On 1992 He released his third studio album, Amused to Death, Which is heavily influenced by the events of the Tiananmen Square protests of 1989 and the Gulf War, and a critique of the notion of war becoming the subject of entertainment, particularly on television. The title was derived from the book Amusing Ourselves to Death by Neil Postman. It featured Jeff Beck on lead guitar on many of the album’s tracks. The album also garnered some comparison to his previous work with Pink Floyd. Waters described the record as, a “stunning piece of work”, ranking the album with Dark Side of the Moon and The Wall as one of the best of his career. It featured the song “What God Wants, Pt. 1”.
In 1999, after a 12-year hiatus from touring, and a seven-year absence from the music industry, Waters embarked on the In the Flesh tour, performing both solo and Pink Floyd material. A concert film was released on CD and DVD, named In the Flesh – Live. During the tour, he played two new songs “Flickering Flame” and “Each Small Candle”In June 2002, he performed in front of 70,000 people at the Glastonbury Festival of Performing Arts, playing 15 Pink Floyd songs and five songs from his solo catalogue.
In 2004 aBroadway Production of The Wall opened with Waters playing a prominent role in the creative direction, this contained original tracks from The Wall, and songs from Dark Side of the Moon, Wish You Were Here and other Pink Floyd albums, as well as new material. In July 2004, Waters also released two new tracks on the Internet: “To Kill the Child”, inspired by the 2003 invasion of Iraq, and “Leaving Beirut”, an anti-war song “inspired by his travels in the Middle East as a teenager”. In 2005, Waters reunited with Mason, Wright, and Gilmour for what would be their final performance together at the 2005 Live 8 concert in London’s Hyde Park, Pink Floyd’s only appearance with Waters since their final performance of The Wall at Earls Court London 24 years earlier. They played a 23-minute set consisting of “Speak to Me/Breathe”/”Breathe (Reprise)”, “Money”, “Wish You Were Here”, and “Comfortably Numb”. In November 2005, Pink Floyd were inducted into the UK Music Hall of Fame by Pete Townshend of the Who.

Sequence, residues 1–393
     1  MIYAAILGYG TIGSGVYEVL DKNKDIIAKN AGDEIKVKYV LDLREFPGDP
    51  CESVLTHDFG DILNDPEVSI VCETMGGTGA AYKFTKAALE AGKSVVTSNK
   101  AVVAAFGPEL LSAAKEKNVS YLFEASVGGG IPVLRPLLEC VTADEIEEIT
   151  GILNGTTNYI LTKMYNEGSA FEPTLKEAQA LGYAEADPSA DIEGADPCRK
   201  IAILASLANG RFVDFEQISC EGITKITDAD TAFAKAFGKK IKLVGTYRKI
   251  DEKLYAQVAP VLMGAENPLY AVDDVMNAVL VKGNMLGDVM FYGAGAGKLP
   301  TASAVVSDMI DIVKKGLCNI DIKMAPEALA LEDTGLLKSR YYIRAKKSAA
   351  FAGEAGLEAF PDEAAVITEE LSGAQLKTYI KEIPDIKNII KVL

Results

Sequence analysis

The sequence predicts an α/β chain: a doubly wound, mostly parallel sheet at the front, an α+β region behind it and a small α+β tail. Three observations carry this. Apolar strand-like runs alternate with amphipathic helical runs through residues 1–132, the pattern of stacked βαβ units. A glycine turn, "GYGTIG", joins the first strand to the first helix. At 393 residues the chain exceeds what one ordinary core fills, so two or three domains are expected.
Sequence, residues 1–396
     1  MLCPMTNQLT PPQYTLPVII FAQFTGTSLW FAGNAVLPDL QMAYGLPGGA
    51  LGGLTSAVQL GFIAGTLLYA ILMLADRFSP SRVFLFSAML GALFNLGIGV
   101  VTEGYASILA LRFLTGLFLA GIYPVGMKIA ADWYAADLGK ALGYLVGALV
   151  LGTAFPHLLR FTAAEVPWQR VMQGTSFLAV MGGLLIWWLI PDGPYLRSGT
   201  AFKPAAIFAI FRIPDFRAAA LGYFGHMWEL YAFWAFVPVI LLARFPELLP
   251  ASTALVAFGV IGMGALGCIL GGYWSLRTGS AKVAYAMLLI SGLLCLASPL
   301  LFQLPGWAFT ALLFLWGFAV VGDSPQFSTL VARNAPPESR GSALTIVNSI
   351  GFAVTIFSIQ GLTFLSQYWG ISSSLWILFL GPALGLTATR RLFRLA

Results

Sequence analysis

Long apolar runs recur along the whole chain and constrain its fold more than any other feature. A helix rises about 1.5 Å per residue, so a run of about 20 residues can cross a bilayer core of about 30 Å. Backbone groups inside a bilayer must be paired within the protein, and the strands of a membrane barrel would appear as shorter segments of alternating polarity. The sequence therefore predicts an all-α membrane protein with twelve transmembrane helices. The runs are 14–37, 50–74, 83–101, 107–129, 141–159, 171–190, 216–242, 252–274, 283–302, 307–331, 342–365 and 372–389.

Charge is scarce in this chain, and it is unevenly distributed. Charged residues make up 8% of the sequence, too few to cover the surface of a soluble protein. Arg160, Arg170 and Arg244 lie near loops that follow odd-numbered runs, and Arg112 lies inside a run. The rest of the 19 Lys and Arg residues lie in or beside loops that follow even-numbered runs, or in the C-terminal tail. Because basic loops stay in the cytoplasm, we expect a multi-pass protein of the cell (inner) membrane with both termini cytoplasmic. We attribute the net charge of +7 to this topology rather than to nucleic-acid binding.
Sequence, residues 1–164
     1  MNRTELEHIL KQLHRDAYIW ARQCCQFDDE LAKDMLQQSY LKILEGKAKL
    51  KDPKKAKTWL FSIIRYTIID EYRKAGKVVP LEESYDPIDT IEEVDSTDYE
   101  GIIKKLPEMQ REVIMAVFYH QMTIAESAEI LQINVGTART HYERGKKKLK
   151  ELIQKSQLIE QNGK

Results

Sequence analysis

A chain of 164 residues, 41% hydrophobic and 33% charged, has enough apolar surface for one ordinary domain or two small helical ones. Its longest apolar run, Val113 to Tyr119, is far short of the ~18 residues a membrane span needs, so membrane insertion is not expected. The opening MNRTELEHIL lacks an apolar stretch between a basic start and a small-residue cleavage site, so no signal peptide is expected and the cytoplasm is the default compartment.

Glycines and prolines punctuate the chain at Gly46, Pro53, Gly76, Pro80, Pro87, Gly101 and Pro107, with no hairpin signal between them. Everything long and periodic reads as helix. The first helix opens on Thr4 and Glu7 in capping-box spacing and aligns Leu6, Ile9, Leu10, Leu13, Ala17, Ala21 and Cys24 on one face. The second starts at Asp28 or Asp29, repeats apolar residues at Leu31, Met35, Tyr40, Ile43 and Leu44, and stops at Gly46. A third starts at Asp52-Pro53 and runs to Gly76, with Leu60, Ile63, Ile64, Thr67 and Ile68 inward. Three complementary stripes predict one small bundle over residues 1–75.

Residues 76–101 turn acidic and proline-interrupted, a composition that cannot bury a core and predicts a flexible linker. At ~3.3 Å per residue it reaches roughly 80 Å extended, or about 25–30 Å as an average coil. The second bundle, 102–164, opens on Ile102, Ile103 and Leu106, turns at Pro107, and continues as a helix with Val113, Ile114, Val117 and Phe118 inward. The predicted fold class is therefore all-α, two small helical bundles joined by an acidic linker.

In September 2005, Waters released Ça Ira (pronounced [sa iˈʁa], French for “it will be fine”; Waters added the subtitle, “There is Hope”), an opera in three acts translated from the late Étienne Roda-Gil’s French libretto based on the historical subject of the French Revolution. featuring baritone Bryn Terfel, soprano Ying Huang and tenor Paul Groves. Set during the early French Revolution, the original libretto was co-written in French by Roda-Gil and his wife Nadine Delahaye. Waters had begun rewriting the libretto in English in 1989.
In June 2006, Waters commenced The Dark Side of the Moon Live tour, a two-year, world-spanning effort that began in Europe in June and North America in September. The first half of the show featured both Pink Floyd songs and Waters’ solo material, while the second half included a complete live performance of the 1973 Pink Floyd album The Dark Side of the Moon, using elaborate staging as well as laser lights, fog machines, pyrotechnics, psychedelic projections, and inflatable floating puppets (Spaceman and Pig) controlled by a “handler” dressed as a butcher, and a full 360-degree quadraphonic sound system was used. Nick Mason joined Waters for The Dark Side of the Moon set and the encores on select 2006 tour dates. In March 2007, Waters also wrote the song, “Hello (I Love You)” for the science fiction film The Last Mimzy. He also performed at California’s Coachella Festival in April 2008 and was to be among the headlining artists performing at Live Earth 2008 in Mumbai, India in December 2008,but that concert was cancelled in light of the 26 November terrorist attacks in Mumbai.
n June 2010, Waters released a cover of “We Shall Overcome”, a protest song rewritten and arranged by Guy Carawan and Pete Seeger at the Highlander Folk School possibly derived either from the refrain of a gospel hymn published by Charles Albert Tindley in 1901, but more likely from Louise Shropshire’s hymn, “If My Jesus Wills.” He performed with David Gilmour at the Hoping Foundation Benefit Evening in July 2010, plating: “To Know Him Is to Love Him”,”Wish You Were Here”, “Comfortably Numb”, and “Another Brick in the Wall (Part Two)”.Waters also commenced The Wall Live tour, an updated version of the original Pink Floyd shows, featuring a complete performance of The Wall Which has been described as one of the most ambitious and complex rock shows ever . At The O2 Arena in London on 12 May 2011, Gilmour and Mason once again appeared with Waters and Gilmour performing “Comfortably Numb”, and Gilmour and Mason joining Waters for “Outside the Wall”. Waters also performed at the Concert for Sandy Relief at Madison Square Garden on 12 December 2012 and headlined the Newport Folk Festival in Newport, Rhode Island in 2015 accompanied by the band My Morning Jacket and two singers from the group Lucius.
As a member of Pink Floyd, Waters was inducted into the US Rock and Roll Hall of Fame in 1996 and the UK Music Hall of Fame in 2005. That same year he released Ça Ira, an opera in three acts translated from Étienne and Nadine Roda-Gils’ libretto about the French Revolution. Later that year, he reunited with Pink Floyd bandmates Mason, Wright and David Gilmour for the Live 8 global awareness event; it was the group’s first appearance with Waters since 1981. He has toured extensively as a solo act since 1999 and played The Dark Side of the Moon in its entirety for his world tour of 2006–2008. In 2010, he began The Wall Live and in 2011 Gilmour and Mason appeared with him during a performance of the double album in London. As of 2013, the tour is the highest-grossing of all time by a solo artist.